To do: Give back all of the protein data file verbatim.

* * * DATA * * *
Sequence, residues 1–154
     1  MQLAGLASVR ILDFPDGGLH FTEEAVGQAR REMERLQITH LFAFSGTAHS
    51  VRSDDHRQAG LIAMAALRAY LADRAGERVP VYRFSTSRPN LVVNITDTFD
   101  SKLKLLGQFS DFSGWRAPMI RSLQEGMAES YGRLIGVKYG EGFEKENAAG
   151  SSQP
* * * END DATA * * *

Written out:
Sequence, residues 1–154
     1  MQLAGLASVR ILDFPDGGLH FTEEAVGQAR REMERLQITH LFAFSGTAHS
    51  VRSDDHRQAG LIAMAALRAY LADRAGERVP VYRFSTSRPN LVVNITDTFD
   101  SKLKLLGQFS DFSGWRAPMI RSLQEGMAES YGRLIGVKYG EGFEKENAAG
   151  SSQP